High currents during fast charging of lithium-ion cells at elevated states of charge (SOC) induce undesired lithium deposition (LD), which leads to rapid loss of cyclable lithium and therewith an accelerated capacity fade. Furthermore, dendritic LD may penetrate the separator and can cause safety-critical conditions. Much research effort has been spent on detection methods of LD, to prevent this severe degradation mechanism [1–3]. The aim of this study is to demonstrate opportunities and limits of differential voltage analysis as a state-of-the-art detection technique for LD. Quantification, reversibility and reproducibility of LD and sensitivity of the detection method is discussed.
In our approach, commercial lithium-ion cells with a graphite anode and a LiFePO4 cathode are charged under critical conditions to provoke LD on purpose. The differential voltage analysis and coulomb-counting method [4, 5] are used to detect and quantify reversible and irreversible LD during the following discharge process. Before and after the test series, a capacity test at 25°C is conducted to determine the actual capacity loss. The intention is to analyse if the sum of detected irreversibly plated lithium during cycling equals the capacity fade determined by the capacity test.
The cells are fast-charged from a SOC of 65 % to 80 % with varying C-rates by the constant current charging strategy. Different extends of reversible and irreversible LD are quantified to identify the minimum detection limits for both methods and the initiation point of the degradation process. Furthermore, the analysis of reversible and irreversible effects of LD shows a functional dependency between fast detectable anomalies and the charge loss due to parasitic reactions.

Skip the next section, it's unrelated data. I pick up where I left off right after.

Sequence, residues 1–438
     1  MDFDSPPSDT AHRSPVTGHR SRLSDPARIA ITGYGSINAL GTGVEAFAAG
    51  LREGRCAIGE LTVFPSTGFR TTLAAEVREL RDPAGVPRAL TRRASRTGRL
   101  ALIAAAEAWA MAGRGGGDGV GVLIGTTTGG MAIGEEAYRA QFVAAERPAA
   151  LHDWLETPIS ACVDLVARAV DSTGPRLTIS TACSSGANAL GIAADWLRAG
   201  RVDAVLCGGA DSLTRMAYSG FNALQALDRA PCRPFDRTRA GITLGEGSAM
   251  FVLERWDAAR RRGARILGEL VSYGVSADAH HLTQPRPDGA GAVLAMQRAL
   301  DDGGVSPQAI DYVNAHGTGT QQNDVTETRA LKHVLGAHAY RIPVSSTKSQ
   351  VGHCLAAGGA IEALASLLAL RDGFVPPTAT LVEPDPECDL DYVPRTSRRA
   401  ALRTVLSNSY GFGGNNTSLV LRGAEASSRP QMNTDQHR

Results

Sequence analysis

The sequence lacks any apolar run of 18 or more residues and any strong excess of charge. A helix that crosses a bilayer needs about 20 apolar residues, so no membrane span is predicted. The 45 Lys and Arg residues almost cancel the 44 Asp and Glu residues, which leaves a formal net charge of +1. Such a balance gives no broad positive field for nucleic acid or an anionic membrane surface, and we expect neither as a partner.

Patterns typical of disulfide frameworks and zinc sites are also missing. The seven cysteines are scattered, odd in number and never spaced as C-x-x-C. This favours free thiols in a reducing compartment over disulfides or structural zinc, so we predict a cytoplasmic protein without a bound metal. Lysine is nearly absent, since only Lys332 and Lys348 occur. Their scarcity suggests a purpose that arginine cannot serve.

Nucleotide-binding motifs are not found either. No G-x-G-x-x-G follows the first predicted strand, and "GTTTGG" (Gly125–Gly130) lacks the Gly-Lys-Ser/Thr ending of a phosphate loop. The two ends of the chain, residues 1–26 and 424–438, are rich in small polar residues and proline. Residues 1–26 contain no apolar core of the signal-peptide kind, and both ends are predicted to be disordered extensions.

In a secondary series of measurement, the cells are charged under identical critical circumstances with an additional relaxation phase between charging and discharging to investigate the influence of cell treatment after charging on the reversibility of LD.
The results of this study provide a comprehensive overview of opportunities and limits of detection methods for LD. The knowledge of the amount and reversibility of LD at certain circumstances facilitates the decision, whether a small capacity fade is acceptable to decrease charging duration.
 Schindler, S.; Bauer, M.; Petzl, M.; Danzer, M.A.: Voltage relaxation and impedance spectroscopy as in-operando methods for the detection of lithium plating on graphitic anodes in commercial lithium-ion cells. In: Journal of Power Sources 304 (2016), S. 170–180
 Bitzer, B.; Gruhle, A.: A new method for detecting lithium plating by measuring the cell thickness. In: Journal of Power Sources 262 (2014), S. 297–302
 Downie, L.E.; Krause, L.J.; Burns, J.C.; Jensen, L.D.; Chevrier, V.L.; Dahn, J.R.: In Situ Detection of Lithium Plating on Graphite Electrodes by Electrochemical Calorimetry. In: Journal of the Electrochemical Society 160 (2013), Nr. 4, A588-A594
 Burns, J.C.; Stevens, D.A.; Dahn, J.R.: In-Situ Detection of Lithium Plating Using High Precision Coulometry. In: Journal of The Electrochemical Society 162 (2015), Nr. 6, A959-A964
 Petzl, M.; Danzer, M.A.: Nondestructive detection, characterization, and quantification of lithium plating in commercial lithium-ion batteries. In: Journal of Power Sources 254 (2014), S. 80–87